Web Hypertext Application Technology Working Group Launches Mailing List

Friday June 4th, 2004

Ian Hickson writes: "Some of you may be interested to hear that people from Opera and Mozilla have set up an open mailing list for discussing Web Forms 2 and other new specs that have been discussed in various places over the last few months."

The list is the public forum of the newly-formed Web Hypertext Application Technology Working Group, an organisation made of contributors from several major Web browser development teams. Current invited members are Brendan Eich, David Baron, David Hyatt, Håkon Wium Lie, Ian Hickson, Johnny Stenback and Maciej Stachowiak.

The group is working on specifications for Web Forms 2.0, Web Apps 1.0, Web Controls 1.0 and a CSS object rendering model. This work will be largely done outside of the World Wide Web Consortium, though finalised versions of the specs are expected to be submitted for formal standardisation. While the decision to operate independently of the W3C may be seen as controversial, many feel that formal standards bodies move too slowly to react to proprietary technologies such as Microsoft's forthcoming XAML. In addition, many in the W3C are pushing for Web applications standards based on technologies such as XForms and Scalable Vector Graphics, whereas the members of the WHATWG favour backwards-compatible HTML-based solutions, which they believe would be easier to implement and more likely to be adopted by Web developers.

#37 Re: Re: Disappointing news, IMO

by leafdigital

Tuesday June 8th, 2004 5:59 AM

You are replying to this message

Ok, some things I won't argue with (they're going to implement this stuff so it really is IE-compatible? okay, but that still seems pretty hacky)...

However, the point about 'it won't happen until it's supported in browsers, so nobody will use it' - I disagree. It's entirely possible that XHTML2 will be supported in future Microsoft browsers (operating systems). Should that come to pass (and assuming Mozilla etc. also have support), then give it a few years and people may well start using it. Look at UTF-8: plenty of people use UTF-8 on their sites now, whenever they have a need for internationalisation, because it just works. When XHTML 2 just works, people may use it.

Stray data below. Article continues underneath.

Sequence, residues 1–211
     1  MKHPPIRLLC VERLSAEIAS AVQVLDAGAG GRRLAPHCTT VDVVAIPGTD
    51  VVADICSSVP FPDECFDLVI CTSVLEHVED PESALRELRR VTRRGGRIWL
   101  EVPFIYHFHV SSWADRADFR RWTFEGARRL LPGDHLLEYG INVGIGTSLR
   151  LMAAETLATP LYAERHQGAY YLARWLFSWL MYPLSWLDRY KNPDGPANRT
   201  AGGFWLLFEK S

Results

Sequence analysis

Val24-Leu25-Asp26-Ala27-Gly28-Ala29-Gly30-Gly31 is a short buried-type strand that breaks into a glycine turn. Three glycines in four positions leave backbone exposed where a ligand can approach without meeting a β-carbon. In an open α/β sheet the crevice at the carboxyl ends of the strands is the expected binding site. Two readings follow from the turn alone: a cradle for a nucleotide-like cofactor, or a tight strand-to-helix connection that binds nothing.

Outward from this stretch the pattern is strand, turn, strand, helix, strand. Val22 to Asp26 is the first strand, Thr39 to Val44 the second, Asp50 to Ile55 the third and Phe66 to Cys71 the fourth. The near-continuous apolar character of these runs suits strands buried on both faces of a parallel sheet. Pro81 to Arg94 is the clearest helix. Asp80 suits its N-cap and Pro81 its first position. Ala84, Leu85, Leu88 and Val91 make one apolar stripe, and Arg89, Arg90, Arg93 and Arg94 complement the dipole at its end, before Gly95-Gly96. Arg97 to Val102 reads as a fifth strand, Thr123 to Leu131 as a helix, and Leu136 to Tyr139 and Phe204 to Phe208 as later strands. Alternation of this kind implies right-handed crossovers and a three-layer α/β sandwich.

As for XML - I do not see the need for well-formedness (nobody actually validates XML on reading it, so validation though nice isn't a practical issue any more than it is for HTML; the only issue is well-formedness) as any kind of problem. You're right that it requires a change in the tools people use, but creating WYSIWYG tools that will only output well-formed XML is hardly a major challenge.

It's not difficult to write XML by hand either using an XML-aware editor (one that warns you when and where your file isn't well-formed), certainly not the 'order of magnitude' suggested. People who write HTML by hand can certainly cope. With XHTML2 though, there might be less need to write code by hand.

The only major problem in outputting XML sites (and by the way I'm working on one now which outputs XHTML as XHTML to Mozilla, XHTML as HTML to IE, and uses XML formats for internal communication between services) is really when you need to pull in unreliable content. Even in that case it only took me an afternoon to write code that transforms the completely broken HTML produced by a conferencing system we use, into guaranteed-valid XHTML with the crap stripped out.

By the way, don't consider the results of that test linked (it's a fun read, I've seen it before) to reflect the difficulty or otherwise of XML. We're living in a world where the major browser doesn't support XHTML served using the correct MIME type; that significant issue aside, I expect most of those sites will actually work. Yes, hand-writing XHTML that actually validates (as opposed to just being well-formed) can be difficult, but the same is true of HTML, and the consequences are identical (the page still works).

As for not using MathML, this was probably due to lack of support in browsers (and possibly in some of the tools that people might use to create equations). MathML is clearly, and I mean there is simply no argument given that the alternative is bitmap images, the best currently-defined way to include equations in web pages... if it were widely implemented (it isn't) and done correctly (that might be difficult due to lack of software). There might be technical limitations in the wiki software that let it output ill-formed code; those are technical limitations, it's a software issue, fixing it isn't a problem.

You're right that people don't like having to download plugins, but I think this is a surmountable problem (plenty of people manage to download Comet Cursor). And current plugins don't solve the problem because they work with separate files, whereas the real power and convenience IMO is in embedded, inline XML formats - when you can put equation or a bar of music notation in the middle of your essay, when the server can generate a simple bar chart or pie chart using a couple of lines of SVG instead of a nasty hack with CSS and bunch of DIVs (or tables and a bunch of spacer images).